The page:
Thursday, October 9, 2014

Hubble maps temperature, water vapour on wild exoplanet

An artist's conception of exoplanet WASP-43b orbiting an orange dwarf star roughly 260 light-years from Earth. 

About twice as massive as Jupiter, WASP-43b heats up to about 3,000 degrees Fahrenheit during its closest passes by its star, a temperature hot enough to melt steel. 

Credit: NASA, ESA

A team of scientists including a University of Colorado Boulder professor used NASA's Hubble Space Telescope to make the most detailed global map yet of the glow from a giant, oddball planet orbiting another star, an object twice as massive as Jupiter and hot enough to melt steel.

The Hubble observations show that the planet, called WASP-43b, is no place to call home.

It's a world of extremes, where winds howl at the speed of sound from a 3,000-degree-Fahrenheit dayside to a pitch-black nightside when temperatures plunge to a relatively cool 1,000 degrees Fahrenheit, still hot enough to melt silver.

The map provides information about temperatures at different layers of the planet's atmosphere and traces the amount and distribution of water present.

The findings have ramifications for understanding the atmospheric dynamics and the formation of giant planets like Jupiter, said team leader Jacob Bean of the University of Chicago.

"These measurements have opened the door for a new kind of comparative planetology."

A paper on the subject was published online Oct. 9 in Science Express.

As a ball of predominately hot hydrogen gas, there are no surface features on WASP-43b like oceans or continents that can be used to track its rotation, said CU-Boulder Assistant Professor Jean-Michel Désert, second author on the new study.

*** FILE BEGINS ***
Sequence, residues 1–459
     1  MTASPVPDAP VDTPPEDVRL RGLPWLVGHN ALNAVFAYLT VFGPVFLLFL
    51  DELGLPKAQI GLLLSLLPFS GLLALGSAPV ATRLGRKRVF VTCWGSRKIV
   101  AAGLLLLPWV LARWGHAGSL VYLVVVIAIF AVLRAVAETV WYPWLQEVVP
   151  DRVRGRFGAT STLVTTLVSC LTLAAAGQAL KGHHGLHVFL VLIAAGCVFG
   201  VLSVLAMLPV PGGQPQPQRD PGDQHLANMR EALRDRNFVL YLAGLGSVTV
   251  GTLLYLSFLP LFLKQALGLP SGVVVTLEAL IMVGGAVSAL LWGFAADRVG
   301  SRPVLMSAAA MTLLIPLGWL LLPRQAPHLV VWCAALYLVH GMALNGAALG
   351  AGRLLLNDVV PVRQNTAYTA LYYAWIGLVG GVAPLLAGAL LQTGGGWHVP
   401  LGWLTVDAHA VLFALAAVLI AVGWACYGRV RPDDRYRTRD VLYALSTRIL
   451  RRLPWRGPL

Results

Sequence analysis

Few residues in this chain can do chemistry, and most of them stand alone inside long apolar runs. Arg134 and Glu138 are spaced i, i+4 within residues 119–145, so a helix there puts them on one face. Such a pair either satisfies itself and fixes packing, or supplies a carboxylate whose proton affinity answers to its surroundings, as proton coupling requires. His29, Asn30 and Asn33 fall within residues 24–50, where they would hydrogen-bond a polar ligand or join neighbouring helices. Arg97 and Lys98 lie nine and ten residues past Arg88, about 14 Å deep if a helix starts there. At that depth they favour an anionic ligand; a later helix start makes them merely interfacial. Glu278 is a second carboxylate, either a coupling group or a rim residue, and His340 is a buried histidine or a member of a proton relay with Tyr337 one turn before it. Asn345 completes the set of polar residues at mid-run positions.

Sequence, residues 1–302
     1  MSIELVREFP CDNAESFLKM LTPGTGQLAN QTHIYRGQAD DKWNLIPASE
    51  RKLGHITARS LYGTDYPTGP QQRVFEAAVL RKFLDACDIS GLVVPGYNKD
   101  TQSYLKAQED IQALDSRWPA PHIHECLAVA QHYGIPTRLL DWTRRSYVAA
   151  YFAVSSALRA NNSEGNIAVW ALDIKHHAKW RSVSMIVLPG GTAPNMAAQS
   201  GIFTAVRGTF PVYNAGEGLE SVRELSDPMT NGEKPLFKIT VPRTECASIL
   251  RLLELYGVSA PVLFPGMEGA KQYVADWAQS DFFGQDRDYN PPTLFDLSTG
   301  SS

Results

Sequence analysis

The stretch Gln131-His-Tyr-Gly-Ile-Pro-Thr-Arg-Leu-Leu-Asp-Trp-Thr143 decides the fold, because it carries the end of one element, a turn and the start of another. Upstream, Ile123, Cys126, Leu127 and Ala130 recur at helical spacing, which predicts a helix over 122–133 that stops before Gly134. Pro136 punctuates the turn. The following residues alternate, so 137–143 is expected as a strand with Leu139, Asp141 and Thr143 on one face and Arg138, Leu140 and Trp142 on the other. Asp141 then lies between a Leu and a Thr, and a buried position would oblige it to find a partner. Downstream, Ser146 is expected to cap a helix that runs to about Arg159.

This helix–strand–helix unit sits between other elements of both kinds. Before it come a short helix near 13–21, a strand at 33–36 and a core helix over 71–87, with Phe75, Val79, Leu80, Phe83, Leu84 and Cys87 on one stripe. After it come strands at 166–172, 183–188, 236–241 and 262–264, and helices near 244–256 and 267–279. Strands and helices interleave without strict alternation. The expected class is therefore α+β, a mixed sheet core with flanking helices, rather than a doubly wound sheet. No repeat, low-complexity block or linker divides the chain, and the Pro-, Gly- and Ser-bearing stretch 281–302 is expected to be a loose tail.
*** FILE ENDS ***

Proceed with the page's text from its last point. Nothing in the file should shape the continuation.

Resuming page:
Only the drastic temperature difference between the dayside and nightside can be used by remote observers to mark the passage of a day on the strange, gaseous planet, he said.

"WASP-43b is extreme in many ways," said Désert. "It's the size of Jupiter with twice its mass. Its orbit around its host star, called an orange dwarf, takes only about 19 hours – the blink of an eye compared to the 365 days it takes Earth to orbit the sun."

Désert said the study is compelling to those trying to understand planetary formation. "Basically it is like taking a planet like Jupiter into a giant laboratory, then warming it at such a high temperature that all of the atoms and molecules comprising its atmosphere are in a gas phase."

Another bizarre thing about WASP-43b is its orbit. It orbits so close to its host star it always "shows" the same hemisphere, a phenomena similar to the orbit of the moon around Earth that is known as known as "tidal locking."

Discovered in 2011, WASP-43b is 260 light-years away, too distant to be photographed, but because its orbit is observed "edge-on" to Earth, astronomers detected it by observing regular dips in the light of its parent star as the planet passed in front of it, said Désert of CU-Boulder's Department of Astrophysical and Planetary Sciences.

More information: "Thermal structure of an exoplanet atmosphere from phase-resolved emission spectroscopy," by K.B. Stevenson et al. Science, 2014.… 1126/science.1256758

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